Storytellers

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What’s your favourite story? Who is it written by? Maybe it’s the Harry Potter series by J.K. Rowling? Or maybe you’re more of a Tolkien fan. Perhaps magic and fantasy isn’t your realm so much as science fiction and Ridley Scott is more your style. Or maybe you like the film adaptations better? Is Firefly more up your alley? The Walking Dead? Maybe it’s child, Fear the Walking Dead? Or perhaps you’re partial to stories like Aesop’s Fables and the fairy tales you’ve heard in school or from your own culture. Irrespective, stories are an integral part of our culture and our history. After all, it’s only been recently in human history we taught our history through written text. Prior to that, it was all passed down by word of mouth from generation to generation like heirlooms, sewing by thread and needle into the intricate fabric of culture the stories of our history and the things we treasure. In the modern day, things work a little differently, of course. Although it’s still tradition for the youngest of our peoples to gather at the feet of our elders when we gather over the holidays to hear stories of the family and the world we exist in, only a handful of these stories get shared past what the word of mouth can take it. Publishing, film, and media companies have long held the power to decide which stories to tell. In each one of these companies are a small group of individuals who read over every submission thrown their way and make the executive decision as to which stories are worth telling, worth spending money on producing, and profitable. Of my trip to Hollywood two or three years ago, what sticks with me most to this day is a room at Warner Brothers where the company stacked every script pitched in a year into a corner and beside it, the fraction of scripts that made it to production. So many stories are left untold, determined unprofitable, left to gather dust. Even J.K. Rowling pitched her story numerous times, being rejected over and over again. Now, looking at the cultural influence Harry Potter has had, would anyone dare say that her story wasn’t worth telling?

Quite frankly, few of us will ever reach the heights the likes of Rowling and Orwell will, but that doesn’t mean our stories aren’t worth telling. For so long, it wasn’t publishing companies who told our stories, it was our grandparents, our community elders, our friends, and the people who took in these stories weren’t bookworms at the local library, it was you, your peers, the people you could reach with a quick message, a tap on the shoulder. Every story is worth telling, whether it’s a story about your experiences, the experiences of another, a fable to warn of folly, or just a short for the sake of having fun. Every story tells our history, informs those to come, and makes the world just a little more colourful.

What’s your favourite story? Do you remember what you felt when you finally found that character you connected to so deeply? Or when the protagonist encountered a challenge you’ve been fighting with for so long and you don’t feel alone anymore? Or when after indescribable hardships, the crew makes it through as better people than when they came in? Stories change lives, they show people they aren’t alone. Stories tell us what is important to us and what scares us. It reminds us that our humanity is precious, our decision-making important, our experiences vital to our character, and our empathy the core of our being.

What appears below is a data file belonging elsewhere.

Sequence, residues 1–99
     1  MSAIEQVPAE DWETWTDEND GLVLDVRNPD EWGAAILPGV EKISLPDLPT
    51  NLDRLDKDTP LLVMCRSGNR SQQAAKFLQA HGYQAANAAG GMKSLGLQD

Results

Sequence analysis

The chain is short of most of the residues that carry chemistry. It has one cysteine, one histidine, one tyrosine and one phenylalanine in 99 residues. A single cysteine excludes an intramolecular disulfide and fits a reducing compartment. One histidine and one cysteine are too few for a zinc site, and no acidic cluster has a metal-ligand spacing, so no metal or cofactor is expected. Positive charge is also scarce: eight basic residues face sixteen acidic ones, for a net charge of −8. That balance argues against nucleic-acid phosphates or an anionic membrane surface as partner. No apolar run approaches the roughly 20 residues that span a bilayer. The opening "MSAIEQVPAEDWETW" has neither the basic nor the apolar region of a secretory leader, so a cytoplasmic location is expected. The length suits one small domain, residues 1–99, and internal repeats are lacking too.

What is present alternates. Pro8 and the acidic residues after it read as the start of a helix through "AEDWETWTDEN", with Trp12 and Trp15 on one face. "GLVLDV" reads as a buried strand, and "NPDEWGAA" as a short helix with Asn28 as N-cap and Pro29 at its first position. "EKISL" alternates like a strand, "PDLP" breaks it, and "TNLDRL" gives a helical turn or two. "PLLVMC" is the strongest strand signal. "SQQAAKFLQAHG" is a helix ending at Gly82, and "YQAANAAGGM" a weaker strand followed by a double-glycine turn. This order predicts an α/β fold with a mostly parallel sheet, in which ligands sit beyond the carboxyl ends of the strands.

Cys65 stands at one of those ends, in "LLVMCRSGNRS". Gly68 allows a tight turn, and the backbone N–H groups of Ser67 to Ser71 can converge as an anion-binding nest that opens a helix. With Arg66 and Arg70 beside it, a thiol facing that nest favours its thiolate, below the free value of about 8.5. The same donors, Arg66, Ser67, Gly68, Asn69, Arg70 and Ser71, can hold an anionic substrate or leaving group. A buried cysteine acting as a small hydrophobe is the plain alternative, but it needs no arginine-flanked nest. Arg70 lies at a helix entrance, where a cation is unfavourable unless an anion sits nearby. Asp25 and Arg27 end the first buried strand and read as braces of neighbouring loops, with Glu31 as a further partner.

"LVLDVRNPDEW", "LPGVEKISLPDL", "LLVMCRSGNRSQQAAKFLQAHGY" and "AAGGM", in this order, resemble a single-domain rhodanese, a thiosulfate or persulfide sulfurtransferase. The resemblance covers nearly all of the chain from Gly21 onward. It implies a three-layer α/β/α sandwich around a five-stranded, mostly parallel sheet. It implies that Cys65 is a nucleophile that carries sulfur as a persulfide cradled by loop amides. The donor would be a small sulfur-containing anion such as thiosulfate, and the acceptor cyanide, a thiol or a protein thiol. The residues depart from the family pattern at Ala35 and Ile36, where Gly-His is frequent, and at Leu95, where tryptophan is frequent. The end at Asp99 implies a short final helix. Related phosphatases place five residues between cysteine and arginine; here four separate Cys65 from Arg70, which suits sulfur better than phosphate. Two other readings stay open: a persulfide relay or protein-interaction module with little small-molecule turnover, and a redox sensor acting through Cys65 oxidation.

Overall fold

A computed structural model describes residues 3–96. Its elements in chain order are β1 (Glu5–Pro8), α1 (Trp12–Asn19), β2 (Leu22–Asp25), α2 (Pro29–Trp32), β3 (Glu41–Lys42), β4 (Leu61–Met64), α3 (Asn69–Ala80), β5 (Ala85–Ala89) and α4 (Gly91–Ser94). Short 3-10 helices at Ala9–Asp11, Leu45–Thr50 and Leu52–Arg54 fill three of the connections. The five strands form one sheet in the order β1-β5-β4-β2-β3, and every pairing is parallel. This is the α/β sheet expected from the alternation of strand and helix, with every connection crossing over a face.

In 2014, To Write Love On Her Arm’s slogan for Suicide Prevention Week was “No One Else Can Play My Part”. The suicide prevention organisation focused on the telling of the story life paints for us, written by none other than the one living the life. They stressed that no one else could write your story, that no one else could tell your story like you could, that your story could reach people that other stories simply could not. After all, not everyone likes magic and fantasy, some prefer science fiction and space cowboys. Each of us has been blessed with a voice, a platform to speak out of, a way to tell our stories. We are the storytellers at the fire, the great orators who stood market corners delivering rousing speeches, the weird grandparents at family gatherings with a twinkle in our eyes and a thousand stories that spill from cracked lips that bring life back to sullen eyes. There will always be people who decide that your story isn’t profitable, that it isn’t worth their time and money, that it isn’t worth telling. The truth is that your story is worth telling. It’s worth writing, worth telling, worth writing down and sharing with anyone who will listen. Your story might not reach as many people as Harry Potter does, but your story might just reach the people that Harry Potter doesn’t and touch those hearts in a way nothing else could.

Go forth, storyteller. Share your tales, your heroics, your failures, your experiences. There’s an adventurer out there who desperately needs your guidance, a Frodo who will be inspired by your Bilbo-esque adventures, someone who thought they were alone in their struggles. Your stories and their words have power and you have the ability to use them to make a difference. Tell your story.

 

Story submitted by Rae.